Media reports on Kavanaugh’s views on executive power too quickly assume he would shield the executive branch during criminal investigations.
Former Iran Contra Independent Counsel Lawrence Walsh recently passed away at the age of 102. While I know it is not the nicest thing to speak ill of those who have just died, I cannot let this occasion pass. I highly doubt that any of Walsh’s loved ones will read this and Walsh committed a genuinely heinous act for which he has borne very little negative publicity.
While I was not a big fan of the Independent Counsel statute, the problem with Walsh was how he behaved as independent counsel. Walsh may have committed one of the most consequential misdeeds in the history of criminal prosecutors, and the amazing thing is so few people remember or know about this. Walsh may very well have changed the result of the 1992 Presidential election between George Bush, Bill Clinton, and Ross Perot.
Walsh was investigating the Iran Contra scandal and he had spent six years with little to show for it. After this period, he was seeking to indict former Secretary of Defense Caspar Weinberger. Walsh initially indicted Weinberger in June of 1992, but the indictment was thrown out on technical grounds. (I base the following description on a book by Lanny Davis, a political associate of Bill Clinton.)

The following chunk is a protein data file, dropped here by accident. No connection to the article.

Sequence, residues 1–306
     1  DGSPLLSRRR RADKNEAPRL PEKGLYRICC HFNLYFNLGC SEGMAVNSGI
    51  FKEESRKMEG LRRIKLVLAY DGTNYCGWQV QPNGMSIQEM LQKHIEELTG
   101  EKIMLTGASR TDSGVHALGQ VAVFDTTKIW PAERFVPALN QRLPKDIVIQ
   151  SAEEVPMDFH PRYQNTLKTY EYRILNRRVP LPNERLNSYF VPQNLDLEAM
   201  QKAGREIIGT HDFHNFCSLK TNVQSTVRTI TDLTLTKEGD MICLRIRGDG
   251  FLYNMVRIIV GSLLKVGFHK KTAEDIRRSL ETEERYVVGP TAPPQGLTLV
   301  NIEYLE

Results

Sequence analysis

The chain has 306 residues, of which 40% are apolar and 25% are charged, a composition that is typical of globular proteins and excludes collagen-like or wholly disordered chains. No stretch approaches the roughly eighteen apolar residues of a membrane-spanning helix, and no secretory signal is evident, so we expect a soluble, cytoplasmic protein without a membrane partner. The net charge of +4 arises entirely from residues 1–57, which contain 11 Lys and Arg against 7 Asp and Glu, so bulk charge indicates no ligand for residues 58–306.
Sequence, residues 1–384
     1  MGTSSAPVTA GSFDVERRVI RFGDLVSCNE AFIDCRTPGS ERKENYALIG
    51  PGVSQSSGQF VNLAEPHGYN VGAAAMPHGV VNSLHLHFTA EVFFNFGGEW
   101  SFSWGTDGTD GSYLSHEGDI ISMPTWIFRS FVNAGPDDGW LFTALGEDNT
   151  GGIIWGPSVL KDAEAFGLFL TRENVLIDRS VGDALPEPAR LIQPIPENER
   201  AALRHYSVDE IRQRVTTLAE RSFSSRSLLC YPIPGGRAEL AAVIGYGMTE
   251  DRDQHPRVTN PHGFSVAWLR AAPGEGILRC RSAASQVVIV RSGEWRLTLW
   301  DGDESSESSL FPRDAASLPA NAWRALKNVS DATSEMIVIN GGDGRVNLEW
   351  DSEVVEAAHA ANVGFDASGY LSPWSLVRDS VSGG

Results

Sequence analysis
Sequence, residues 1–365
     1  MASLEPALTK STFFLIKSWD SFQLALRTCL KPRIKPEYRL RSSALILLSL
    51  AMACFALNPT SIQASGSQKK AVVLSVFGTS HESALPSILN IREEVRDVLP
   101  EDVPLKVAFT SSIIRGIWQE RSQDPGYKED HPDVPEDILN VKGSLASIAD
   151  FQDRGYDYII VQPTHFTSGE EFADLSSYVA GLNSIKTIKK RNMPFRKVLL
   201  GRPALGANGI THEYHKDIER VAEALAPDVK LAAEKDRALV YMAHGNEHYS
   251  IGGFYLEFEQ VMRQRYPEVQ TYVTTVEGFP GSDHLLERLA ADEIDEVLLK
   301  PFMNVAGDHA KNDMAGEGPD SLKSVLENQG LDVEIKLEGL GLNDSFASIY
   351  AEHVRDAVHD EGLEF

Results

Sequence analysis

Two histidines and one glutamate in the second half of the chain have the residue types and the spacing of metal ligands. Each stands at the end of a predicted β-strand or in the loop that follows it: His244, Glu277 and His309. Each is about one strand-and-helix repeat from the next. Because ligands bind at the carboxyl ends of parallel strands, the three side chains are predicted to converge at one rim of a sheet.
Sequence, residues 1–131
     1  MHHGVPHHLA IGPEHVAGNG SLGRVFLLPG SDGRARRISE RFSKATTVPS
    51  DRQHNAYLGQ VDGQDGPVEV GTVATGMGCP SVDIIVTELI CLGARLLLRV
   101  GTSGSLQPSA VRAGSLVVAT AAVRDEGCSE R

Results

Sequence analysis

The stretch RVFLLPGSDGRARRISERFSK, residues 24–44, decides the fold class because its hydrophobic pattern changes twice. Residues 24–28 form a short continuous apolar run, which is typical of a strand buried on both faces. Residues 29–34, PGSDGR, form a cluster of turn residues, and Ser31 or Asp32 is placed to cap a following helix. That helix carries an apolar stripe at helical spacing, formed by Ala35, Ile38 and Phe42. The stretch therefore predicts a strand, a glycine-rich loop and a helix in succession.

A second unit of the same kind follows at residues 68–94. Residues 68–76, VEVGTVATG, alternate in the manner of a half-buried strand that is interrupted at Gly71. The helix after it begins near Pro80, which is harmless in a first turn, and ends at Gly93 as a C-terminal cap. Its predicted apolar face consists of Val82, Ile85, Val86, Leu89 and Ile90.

Walsh decided to indict Weinberger again. He then made two extremely dubious decisions. First, and most problematically, he had the re-indictment of Caspar Weinberger filed on October 30, the Friday before election day. What possible legitimate reason could there have been to file it then rather than the following week? What reason other than the illegitimate one to harm Bush’s candidacy could there have been for filing the indictment on that day?
Second, Walsh included in the indictment the words “VP favored” from Weinberger’s notes of an important meaning. This suggested to some and was played up by the liberal media that Bush was at a meeting he had denied attending. Thus, it could be used to support the claim that Bush was actually more involved in Iran Contra than he claimed and that he had lied about his involvement. Significantly, this was not necessarily the case nor was it necessary to include it the indictment.
The Weinberger indictment created an enormous media response and may very well have swung the election. On the Friday before the election, prior to the release of the re-indictment, the Bush internal tracking poll (as well as the Gallop poll of the previous day) indicated a surging Bush was tied with Clinton at 39 percent, with 12 percent supporting Perot, and an unusually large 10 percent still undecided. The re-indictment ended Bush’s surge and reversed the momentum. The Saturday Bush internal tracking poll indicted 39 percent for Clinton, 32 for Bush, and 19 percent for Perot.
I believe that Walsh’s decision to release the indictment of Weinberger on the Friday before the election was probably an impeachable offense. And in any event should be condemned by all people, including Clinton supporters, as an outrageous abuse of authority.
It should forever associate Walsh with infamy, but unfortunately it does not. The New York Times, of course, declines to mention it in their obituary of Walsh. And so I write about it now, at probably the last moment when people remember Lawrence Walsh.